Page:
Western powers and Moscow hit back at each other Friday with painful pressure measures on energy as Ukraine said it bombed a Russian base near a nuclear plant that has caused growing concern.
The Group of Seven major industrial democracies vowed to move urgently to set a price cap on Russian oil imports, a crucial source of revenue for Moscow and its war in Ukraine.
"Russia is benefitting economically from the uncertainty on energy markets caused by the war and is making big profits from the export of oil and we want to counter that decisively," German Finance Minister Christian Lindner said in a press conference after the move was announced.
The aim of the price cap on oil exports was to "stop an important source of financing for the war of aggression and contain the rise in global energy prices", he added.
Ahead of the decision, the Kremlin warned that the move would destabilise oil markets. It has shown it is willing to use gas supplies to Europe as leverage in what the United States has denounced as "weaponisation" of energy.
As if on cue, Russian gas giant Gazprom said it had halted gas deliveries to Germany for an indefinite period as there were leaks in a turbine.
Gazprom earlier said it expected a resumption on Saturday of gas shipments through Nord Stream, a pipeline -- denounced at its inception by Russia's critics -- that links St Petersburg to Germany under the Baltic Sea.
"The reliability of the operation, of the whole system, is at risk," Kremlin spokesman Dmitry Peskov said, blaming a lack of spare parts.
Siemens Energy, the German manufacturer of the turbine where Gazprom said it identified problems, said that the leaks identified by the Russians were not a reason to stop operation.
- Fighting near nuclear plant -
The showdown on energy comes amid growing alarm over Europe's largest nuclear plant, Zaporizhzhia, which is under occupation of Russian troops.
Ukraine said it bombed a Russian base in the nearby town of Energodar, destroying three artillery systems as well as an ammunition depot.
Dmytro Orlov, the pro-Kyiv mayor of Energodar in southern Ukraine, told AFP from his location in exile that phone services in the town were badly disrupted.
A 14-strong team from the International Atomic Energy Agency (IAEA) is visiting Zaporizhzhia, with the UN nuclear watchdog's chief, Rafael Grossi, saying that the site had been damaged in fighting.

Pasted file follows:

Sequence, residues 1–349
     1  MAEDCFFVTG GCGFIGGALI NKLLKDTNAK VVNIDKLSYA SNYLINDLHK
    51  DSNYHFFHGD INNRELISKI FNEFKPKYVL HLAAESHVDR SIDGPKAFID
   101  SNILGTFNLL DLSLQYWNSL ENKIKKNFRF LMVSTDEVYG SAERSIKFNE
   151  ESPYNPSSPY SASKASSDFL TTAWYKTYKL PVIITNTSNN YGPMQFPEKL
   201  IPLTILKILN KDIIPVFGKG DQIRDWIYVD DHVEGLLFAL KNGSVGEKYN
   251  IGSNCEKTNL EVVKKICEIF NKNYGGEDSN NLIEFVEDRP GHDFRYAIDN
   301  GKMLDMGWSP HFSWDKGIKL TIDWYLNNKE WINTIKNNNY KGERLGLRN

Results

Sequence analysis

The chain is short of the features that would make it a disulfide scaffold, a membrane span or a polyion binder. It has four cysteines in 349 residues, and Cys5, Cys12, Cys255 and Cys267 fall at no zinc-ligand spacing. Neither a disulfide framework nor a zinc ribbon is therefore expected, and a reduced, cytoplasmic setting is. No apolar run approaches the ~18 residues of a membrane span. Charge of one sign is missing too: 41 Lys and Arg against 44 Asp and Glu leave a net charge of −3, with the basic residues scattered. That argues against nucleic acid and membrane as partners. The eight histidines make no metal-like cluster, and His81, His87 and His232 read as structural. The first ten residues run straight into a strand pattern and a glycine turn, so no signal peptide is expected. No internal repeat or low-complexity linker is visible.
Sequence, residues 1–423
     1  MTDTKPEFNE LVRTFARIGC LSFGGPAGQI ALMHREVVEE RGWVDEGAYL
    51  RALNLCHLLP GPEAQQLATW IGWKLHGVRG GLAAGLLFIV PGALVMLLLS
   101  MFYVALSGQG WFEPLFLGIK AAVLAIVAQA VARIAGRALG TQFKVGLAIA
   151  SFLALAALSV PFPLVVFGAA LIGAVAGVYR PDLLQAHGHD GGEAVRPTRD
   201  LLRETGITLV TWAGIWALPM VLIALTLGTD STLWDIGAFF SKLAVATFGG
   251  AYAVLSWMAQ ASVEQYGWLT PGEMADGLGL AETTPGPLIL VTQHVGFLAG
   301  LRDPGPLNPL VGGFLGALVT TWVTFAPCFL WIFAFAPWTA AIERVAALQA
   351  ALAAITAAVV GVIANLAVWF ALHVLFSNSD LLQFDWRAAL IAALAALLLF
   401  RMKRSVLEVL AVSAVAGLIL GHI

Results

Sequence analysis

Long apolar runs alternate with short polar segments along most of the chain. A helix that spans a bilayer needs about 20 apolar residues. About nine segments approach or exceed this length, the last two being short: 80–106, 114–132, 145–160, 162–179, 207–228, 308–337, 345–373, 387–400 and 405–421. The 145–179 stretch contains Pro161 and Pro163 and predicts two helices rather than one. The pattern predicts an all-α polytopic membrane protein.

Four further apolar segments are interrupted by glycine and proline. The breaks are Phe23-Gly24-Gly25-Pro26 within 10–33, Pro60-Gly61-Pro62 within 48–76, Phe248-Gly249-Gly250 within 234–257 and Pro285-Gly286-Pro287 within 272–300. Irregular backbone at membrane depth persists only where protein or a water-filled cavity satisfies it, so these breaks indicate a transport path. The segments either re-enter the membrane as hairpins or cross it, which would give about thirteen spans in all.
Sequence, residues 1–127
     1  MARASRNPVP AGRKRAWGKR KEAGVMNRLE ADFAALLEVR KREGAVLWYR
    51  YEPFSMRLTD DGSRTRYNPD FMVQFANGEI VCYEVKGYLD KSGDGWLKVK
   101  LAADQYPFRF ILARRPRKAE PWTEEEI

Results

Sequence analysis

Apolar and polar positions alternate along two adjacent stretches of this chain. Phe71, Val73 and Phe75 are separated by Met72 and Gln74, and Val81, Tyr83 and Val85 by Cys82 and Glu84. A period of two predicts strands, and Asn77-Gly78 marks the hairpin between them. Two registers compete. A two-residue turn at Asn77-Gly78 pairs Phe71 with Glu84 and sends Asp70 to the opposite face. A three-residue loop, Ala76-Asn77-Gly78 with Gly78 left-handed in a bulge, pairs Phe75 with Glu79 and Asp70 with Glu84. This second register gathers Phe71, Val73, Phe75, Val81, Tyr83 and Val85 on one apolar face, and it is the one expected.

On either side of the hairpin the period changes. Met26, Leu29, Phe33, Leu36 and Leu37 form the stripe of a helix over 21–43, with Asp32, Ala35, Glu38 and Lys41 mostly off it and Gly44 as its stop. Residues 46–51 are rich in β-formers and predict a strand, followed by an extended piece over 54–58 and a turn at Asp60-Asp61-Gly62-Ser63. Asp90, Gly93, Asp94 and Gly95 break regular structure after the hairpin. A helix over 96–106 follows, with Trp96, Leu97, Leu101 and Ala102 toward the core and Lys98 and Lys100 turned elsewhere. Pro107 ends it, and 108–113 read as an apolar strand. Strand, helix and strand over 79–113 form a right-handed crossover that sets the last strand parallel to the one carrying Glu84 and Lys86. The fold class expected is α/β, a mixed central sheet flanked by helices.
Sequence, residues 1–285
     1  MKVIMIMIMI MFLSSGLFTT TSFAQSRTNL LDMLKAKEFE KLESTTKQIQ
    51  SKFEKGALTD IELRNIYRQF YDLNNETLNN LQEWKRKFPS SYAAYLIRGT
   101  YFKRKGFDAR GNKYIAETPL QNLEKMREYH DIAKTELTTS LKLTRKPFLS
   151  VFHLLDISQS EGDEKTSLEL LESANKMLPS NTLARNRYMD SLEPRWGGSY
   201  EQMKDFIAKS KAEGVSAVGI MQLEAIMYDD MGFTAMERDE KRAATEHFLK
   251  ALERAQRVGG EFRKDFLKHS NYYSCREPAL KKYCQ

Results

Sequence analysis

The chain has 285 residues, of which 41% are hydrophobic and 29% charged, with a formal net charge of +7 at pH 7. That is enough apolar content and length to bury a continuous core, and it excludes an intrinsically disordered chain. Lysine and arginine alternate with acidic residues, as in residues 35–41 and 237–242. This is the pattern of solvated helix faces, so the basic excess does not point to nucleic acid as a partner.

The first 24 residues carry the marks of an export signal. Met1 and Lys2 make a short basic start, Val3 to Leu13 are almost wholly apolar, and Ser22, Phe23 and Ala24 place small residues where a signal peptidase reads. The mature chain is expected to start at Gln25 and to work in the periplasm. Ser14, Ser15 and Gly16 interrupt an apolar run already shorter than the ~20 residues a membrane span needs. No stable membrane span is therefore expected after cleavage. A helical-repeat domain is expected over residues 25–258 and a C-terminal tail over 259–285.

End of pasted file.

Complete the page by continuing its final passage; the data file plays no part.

The Ukrainian army charged the Russian forces had removed their equipment from the site before the UN team arrived on Thursday.
Russian troops seized control of the site in early March. There have been repeated attacks in the vicinity but both Moscow and Kyiv have denied responsibility and blamed each other.
UN inspectors spent their second day at Zaporizhzhia on Friday. Russia's envoy to Vienna, Mikhail Ulyanov, said six IAEA inspectors would stay behind for several days and that two more would remain there "on a permanent basis".
"We welcome this because an international presence can dispel the many rumours about the state of affairs at the nuclear power plant," he told Russian news agency RIA Novosti.
- 'Stop playing with fire' -
Red Cross director general Robert Mardini on Thursday warned the consequences of hitting the plant could be "catastrophic", saying "the slightest miscalculation could trigger devastation that we will regret for decades".
"It is high time to stop playing with fire and instead take concrete measures to protect this facility ... from any military operations," he told reporters in Kyiv.
Ukraine has accused Russia of storing ammunition at Zaporizhzhia and deploying hundreds of soldiers there.
It also suspects Moscow is intending to divert power from the plant to the nearby Crimean peninsula, annexed by Russia in 2014.
Meanwhile, Ukrainian troops pressed ahead with a counter-offensive in the nearby region of Kherson to retake areas seized by Russia at the start of the invasion.
The president's office said explosions had been heard across Kherson throughout Thursday night and that "heavy fighting" was taking place in two areas just up river from Kherson city, the regional capital.
In the eastern Donetsk region, four people were killed and 10 wounded in various shelling incidents, while another died in the north east when a village was hit near Kharkhiv, Ukraine's second city.
Despite the conflict, now in its seventh month, children started a new school year on September 1, although in several regions that meant lessons online due to the ongoing fighting.
"I'm happy to be back at school but I would be even happier if there was no war because I miss my teacher and my friends," nine-year-old Antonina Sidorenko, told AFP, with the distant crackle of gunfire in the background.